Building works behind our house are worrying us, what are our rights?

Property Clinic: You should have the effect of building work so far assessed and a report prepared

Houses are being built behind our garden, leaving us as a family very exposed and vulnerable. What can we do?

Houses are being built behind our garden, leaving us as a family very exposed and vulnerable. What can we do?

 

I am desperate. A building company has started building four homes behind our house and have been building for nearly a year now with only two nearly finished. A while ago, they tore down all the trees behind our boundary wall leaving a mess, and also damaged the wall to the point of it leaning due to the force of the bulldozing. They left an overhanging tree as the roots are under the wall. We have been in touch with our local TD and have a meeting with the company soon.

The land they are building on is higher than our garden which leaves us as a family very exposed to the point of vulnerability. For a few months, the builders were also living on site in caravans, which was very disconcerting.

I am unsure as to our rights and am very worried as I have been informed that they will make things difficult and have said it is not their problem. There must be some support for residents in cases like this where big building companies come on the scene.

The issues you outline need to be assessed without delay. It is assumed that planning permission has been granted for the development. Therefore, there is little you can do about the houses being built on higher ground and the fact that you may be overlooked or feel vulnerable as a result. However, it is advisable to check the planning file to see if conditions have been imposed in relation to the trees or screening. It is also advisable to check if it is the intention to use your wall as a party boundary wall.

The effect of the construction work on the wall is a serious matter. It is an encroachment and damage to your property. To deal with it, I advise that you have it assessed and have a report prepared, without delay, by a chartered building surveyor. You should provide him/her with photographs, or any such evidence that you may have, from before and after. Your building surveyor will carry out a detailed inspection of the wall and will measure the extent to which it is leaning. He/she will assess the effect of the removal of the trees on the stability and safety of the wall and will also examine the planning file. Your title deeds, and/or Land Registry Folio and map if your property is registered, may be of assistance to your surveyor in preparing the report. Irrespective of the outcome of your meeting with the builder, it would be prudent to present your solicitor with the building surveyor’s report and all relevant information and seek advice.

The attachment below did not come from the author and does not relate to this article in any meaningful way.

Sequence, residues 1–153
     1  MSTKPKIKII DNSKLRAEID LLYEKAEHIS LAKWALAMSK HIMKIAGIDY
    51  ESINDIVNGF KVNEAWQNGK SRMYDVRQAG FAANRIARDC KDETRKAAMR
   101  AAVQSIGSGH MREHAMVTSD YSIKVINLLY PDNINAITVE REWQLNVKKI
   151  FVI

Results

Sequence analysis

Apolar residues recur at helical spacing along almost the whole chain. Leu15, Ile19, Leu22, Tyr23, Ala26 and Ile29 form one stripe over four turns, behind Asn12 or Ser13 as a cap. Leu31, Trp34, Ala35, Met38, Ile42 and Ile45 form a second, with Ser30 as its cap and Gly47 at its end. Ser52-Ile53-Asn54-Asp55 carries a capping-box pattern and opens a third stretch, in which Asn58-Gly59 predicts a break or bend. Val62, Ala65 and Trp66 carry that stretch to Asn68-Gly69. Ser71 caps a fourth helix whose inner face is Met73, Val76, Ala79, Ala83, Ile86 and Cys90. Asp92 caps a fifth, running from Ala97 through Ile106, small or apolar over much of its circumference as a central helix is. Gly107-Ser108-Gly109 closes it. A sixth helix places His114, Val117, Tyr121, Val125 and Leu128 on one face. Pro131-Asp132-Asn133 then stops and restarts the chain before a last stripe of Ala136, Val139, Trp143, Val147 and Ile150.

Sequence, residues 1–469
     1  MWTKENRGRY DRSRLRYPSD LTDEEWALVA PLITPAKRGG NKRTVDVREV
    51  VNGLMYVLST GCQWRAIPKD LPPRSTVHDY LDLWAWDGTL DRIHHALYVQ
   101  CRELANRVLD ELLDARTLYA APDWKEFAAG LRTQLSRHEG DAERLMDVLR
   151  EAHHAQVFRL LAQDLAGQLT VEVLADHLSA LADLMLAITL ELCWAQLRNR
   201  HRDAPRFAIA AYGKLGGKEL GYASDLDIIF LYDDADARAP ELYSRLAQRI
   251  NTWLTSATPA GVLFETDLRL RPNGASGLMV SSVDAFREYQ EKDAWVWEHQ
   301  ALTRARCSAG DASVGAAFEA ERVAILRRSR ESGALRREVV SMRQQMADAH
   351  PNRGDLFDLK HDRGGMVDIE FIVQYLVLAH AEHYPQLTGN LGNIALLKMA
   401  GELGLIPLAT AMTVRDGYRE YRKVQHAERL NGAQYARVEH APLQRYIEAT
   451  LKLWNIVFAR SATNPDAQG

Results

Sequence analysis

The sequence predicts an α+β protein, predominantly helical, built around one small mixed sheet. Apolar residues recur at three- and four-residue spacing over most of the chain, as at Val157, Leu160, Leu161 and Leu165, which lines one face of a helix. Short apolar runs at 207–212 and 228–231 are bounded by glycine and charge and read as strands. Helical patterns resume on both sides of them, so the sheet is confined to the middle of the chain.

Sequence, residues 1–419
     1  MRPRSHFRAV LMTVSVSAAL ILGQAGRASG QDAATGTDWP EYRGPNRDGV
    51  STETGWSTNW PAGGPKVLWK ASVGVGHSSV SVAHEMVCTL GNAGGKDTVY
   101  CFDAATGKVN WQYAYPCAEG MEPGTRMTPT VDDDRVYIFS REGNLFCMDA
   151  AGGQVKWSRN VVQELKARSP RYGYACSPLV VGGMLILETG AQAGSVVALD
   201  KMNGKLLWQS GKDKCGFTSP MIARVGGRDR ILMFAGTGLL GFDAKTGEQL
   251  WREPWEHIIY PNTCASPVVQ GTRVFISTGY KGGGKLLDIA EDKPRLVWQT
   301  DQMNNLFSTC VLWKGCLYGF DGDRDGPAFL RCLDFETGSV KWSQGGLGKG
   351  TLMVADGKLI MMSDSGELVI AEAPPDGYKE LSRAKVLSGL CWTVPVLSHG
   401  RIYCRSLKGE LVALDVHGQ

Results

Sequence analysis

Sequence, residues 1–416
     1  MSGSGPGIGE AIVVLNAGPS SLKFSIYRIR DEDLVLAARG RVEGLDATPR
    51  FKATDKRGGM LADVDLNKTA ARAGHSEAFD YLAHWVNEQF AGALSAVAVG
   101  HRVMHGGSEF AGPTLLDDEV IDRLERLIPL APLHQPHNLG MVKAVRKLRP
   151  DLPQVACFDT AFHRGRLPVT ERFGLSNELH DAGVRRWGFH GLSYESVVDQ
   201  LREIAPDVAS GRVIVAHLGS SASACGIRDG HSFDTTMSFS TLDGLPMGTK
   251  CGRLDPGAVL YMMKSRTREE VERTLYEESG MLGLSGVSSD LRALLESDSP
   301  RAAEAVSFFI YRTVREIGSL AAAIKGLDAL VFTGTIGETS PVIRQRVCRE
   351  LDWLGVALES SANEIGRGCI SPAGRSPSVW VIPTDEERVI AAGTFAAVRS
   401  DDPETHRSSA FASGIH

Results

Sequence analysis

Original boundary

If the trees you refer to were located on the original boundary of the lands on which the houses are being constructed, it is possible that the site owned by the building company or developer extends only to the trees as the space between the trees and your wall may be the residue of the estate on which your house is located. If this is the situation the builder does not have a right to extend activities beyond the trees. If the trees formed a party boundary between two original land titles, the builder’s right to remove them is questionable.

In summary, engage a building surveyor to prepare a report as soon as possible, check the ownership of the land immediately behind the wall on which trees were/are located, present all information to your solicitor and seek advice.

Patrick Shine is a chartered geomatics surveyor, a chartered civil engineer and a member of the Society of Chartered Surveyors Ireland. scsi.ie

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